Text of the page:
Zach Renner tried out for the Northern (Ownings, Md.) baseball team each of his four years of high school. He was cut every time.
Renner suffers from a minor form of cerebral palsy, a neurological disorder that affects body movement and muscle coordination.
This year, however, he agreed to become the team manager at the behest of his friends on the team.
The Washington Post tells Renner’s incredible story, which included a storybook moment last Friday night.
As the Post tells it, after Northern jumped out to a 10-0 lead on Patuxent (Lusby, Md.) by the fourth inning on senior night, head coach Bobby Gibbons approached Renner. He told Renner to put down the scorebook and to grab a helmet and a bat. It was time for him to pinch-hit.
“There were a lot of emotions going through my head,” Renner told the Post. “I was saying, ‘Don’t strike out.’ ”
“I’ve never seen a kid’s face light up like his did when I told him to grab the bat and go hit, “ Gibbons said. “It was a great, great baseball moment.”
Renner let the first two pitches go for balls, then swung and missed on the third pitch.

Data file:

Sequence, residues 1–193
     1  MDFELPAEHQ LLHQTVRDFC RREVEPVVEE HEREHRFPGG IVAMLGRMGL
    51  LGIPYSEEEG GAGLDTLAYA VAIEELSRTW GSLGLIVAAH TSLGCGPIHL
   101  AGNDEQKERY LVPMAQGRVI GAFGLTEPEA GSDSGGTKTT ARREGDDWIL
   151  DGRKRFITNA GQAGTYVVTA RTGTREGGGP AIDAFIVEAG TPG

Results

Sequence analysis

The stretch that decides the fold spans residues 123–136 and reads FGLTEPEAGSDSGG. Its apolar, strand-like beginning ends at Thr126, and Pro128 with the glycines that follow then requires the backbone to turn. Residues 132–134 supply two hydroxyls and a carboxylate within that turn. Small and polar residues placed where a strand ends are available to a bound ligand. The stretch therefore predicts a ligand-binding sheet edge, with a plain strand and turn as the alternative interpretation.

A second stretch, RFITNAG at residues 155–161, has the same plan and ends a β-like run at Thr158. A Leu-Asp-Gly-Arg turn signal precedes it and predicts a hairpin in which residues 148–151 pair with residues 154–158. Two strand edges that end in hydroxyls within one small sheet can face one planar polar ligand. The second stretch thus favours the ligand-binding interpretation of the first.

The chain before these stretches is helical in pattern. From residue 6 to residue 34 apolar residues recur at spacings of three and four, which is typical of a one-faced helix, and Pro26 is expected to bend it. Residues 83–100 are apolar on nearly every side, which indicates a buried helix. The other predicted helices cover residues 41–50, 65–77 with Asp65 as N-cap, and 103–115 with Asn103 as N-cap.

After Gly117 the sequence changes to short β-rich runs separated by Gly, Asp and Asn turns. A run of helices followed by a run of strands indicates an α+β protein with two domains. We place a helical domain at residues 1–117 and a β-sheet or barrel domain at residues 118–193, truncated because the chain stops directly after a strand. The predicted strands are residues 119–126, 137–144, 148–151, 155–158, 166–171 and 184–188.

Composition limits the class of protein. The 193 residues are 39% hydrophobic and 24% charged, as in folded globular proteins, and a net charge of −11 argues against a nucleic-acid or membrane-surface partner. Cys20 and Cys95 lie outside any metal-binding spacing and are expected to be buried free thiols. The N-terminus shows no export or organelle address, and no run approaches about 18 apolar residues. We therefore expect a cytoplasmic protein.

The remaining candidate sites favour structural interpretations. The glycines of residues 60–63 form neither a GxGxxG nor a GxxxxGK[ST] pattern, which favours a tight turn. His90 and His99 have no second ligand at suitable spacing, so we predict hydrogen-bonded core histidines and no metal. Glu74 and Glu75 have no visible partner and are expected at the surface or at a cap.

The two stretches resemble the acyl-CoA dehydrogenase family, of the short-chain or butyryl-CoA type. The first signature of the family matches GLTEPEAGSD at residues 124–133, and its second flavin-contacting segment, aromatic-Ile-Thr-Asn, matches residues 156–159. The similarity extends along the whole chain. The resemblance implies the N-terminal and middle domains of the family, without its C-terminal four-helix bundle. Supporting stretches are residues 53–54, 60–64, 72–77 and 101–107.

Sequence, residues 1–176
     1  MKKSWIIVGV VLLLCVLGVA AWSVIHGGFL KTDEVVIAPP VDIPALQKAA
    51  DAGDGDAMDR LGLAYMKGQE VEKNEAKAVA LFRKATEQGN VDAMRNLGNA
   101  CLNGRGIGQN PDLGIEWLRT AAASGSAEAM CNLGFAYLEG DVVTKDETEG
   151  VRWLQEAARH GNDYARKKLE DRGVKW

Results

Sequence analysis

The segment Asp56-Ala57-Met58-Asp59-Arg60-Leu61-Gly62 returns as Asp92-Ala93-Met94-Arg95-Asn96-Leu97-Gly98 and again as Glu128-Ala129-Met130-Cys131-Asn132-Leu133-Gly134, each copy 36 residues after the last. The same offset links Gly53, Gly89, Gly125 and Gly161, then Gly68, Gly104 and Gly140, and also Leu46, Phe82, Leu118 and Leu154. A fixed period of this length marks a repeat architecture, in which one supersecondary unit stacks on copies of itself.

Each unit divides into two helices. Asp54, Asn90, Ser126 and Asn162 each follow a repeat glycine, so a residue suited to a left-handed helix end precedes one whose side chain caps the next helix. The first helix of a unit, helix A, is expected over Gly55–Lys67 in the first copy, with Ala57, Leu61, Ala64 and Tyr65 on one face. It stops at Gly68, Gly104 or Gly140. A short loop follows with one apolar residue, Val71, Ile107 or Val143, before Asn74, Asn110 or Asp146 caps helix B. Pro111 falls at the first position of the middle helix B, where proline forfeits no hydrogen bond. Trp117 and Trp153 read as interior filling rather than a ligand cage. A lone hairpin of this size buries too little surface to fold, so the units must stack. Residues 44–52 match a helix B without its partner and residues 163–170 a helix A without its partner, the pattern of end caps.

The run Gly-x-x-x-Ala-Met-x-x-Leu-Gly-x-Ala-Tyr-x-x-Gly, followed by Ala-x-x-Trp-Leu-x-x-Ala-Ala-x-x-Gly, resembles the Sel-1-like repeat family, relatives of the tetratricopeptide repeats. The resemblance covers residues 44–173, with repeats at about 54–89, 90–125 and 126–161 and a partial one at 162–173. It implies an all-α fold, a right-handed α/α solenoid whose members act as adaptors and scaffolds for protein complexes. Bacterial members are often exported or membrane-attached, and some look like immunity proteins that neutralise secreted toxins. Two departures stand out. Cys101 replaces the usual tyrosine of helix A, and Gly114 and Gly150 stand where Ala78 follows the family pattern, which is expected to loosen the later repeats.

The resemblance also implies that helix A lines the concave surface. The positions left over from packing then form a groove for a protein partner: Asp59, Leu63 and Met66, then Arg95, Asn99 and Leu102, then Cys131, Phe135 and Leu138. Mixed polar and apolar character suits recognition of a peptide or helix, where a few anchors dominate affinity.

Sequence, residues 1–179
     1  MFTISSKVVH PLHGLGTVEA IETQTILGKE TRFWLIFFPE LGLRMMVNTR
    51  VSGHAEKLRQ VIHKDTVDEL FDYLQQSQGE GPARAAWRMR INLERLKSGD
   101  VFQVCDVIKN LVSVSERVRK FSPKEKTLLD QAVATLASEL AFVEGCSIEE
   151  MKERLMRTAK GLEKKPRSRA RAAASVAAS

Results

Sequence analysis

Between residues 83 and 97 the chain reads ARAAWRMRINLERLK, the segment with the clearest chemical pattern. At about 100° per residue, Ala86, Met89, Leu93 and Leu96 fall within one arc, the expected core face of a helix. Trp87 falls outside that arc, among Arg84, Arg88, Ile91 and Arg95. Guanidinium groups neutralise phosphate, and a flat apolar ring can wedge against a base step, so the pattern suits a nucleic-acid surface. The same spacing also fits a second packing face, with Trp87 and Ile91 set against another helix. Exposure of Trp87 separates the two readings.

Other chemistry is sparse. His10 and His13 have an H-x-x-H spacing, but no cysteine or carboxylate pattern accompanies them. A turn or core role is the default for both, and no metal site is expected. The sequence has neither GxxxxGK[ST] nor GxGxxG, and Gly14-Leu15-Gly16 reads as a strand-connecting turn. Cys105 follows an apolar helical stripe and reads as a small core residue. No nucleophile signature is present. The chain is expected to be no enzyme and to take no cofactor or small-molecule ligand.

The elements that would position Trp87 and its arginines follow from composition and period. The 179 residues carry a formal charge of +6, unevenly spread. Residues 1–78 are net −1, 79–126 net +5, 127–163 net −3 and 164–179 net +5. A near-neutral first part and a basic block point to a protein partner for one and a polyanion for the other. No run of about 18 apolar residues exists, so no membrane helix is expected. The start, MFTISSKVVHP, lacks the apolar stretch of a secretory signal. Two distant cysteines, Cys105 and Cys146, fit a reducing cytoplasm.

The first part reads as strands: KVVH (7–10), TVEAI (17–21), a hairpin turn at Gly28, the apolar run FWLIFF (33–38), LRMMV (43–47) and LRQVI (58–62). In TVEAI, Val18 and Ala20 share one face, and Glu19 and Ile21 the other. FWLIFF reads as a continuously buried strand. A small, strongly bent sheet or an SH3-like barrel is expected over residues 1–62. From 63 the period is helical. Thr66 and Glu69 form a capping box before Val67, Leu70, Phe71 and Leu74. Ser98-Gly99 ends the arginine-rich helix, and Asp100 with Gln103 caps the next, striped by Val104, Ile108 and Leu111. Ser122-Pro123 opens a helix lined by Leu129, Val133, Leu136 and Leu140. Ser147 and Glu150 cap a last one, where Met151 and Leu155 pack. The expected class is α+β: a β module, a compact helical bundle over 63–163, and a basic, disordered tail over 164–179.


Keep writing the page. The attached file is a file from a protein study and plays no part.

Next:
According to the Post, before the game, Gibbons had met with Patuxent’s coaches and told them of his plan. He also told them not to take it easy on Renner, as he knew the team manager wouldn’t want that.
The fourth pitch was the one, it turned out. Renner laced the 2-1 offering for an opposite-field line drive.
“Mom, dad, grandma, all of them were crying, seeing me running there to first base,” Renner told the Post. “It was a good night for me.”
Renner later learned that all of his teammates were in on Gibbons’ decision to put him in the game.
“The high school part of my life, nothing much exciting happened for me sporting wise,” Renner said. “I went to most sporting events. I went to football, basketball, baseball. I went out and supported my friends. I went out every week.”
With a left leg that has been operated on four times, which makes running a struggle, Renner was subbed out after his base hit.
The Post tells the rest.
He retreated to the bench and went to pick up the scorers book, but Northern senior Justin Hitt had other ideas.
“You’re a player now,” Hitt said to him. “You just watch. I’ll do it.”
What a great moment for a deserving kid.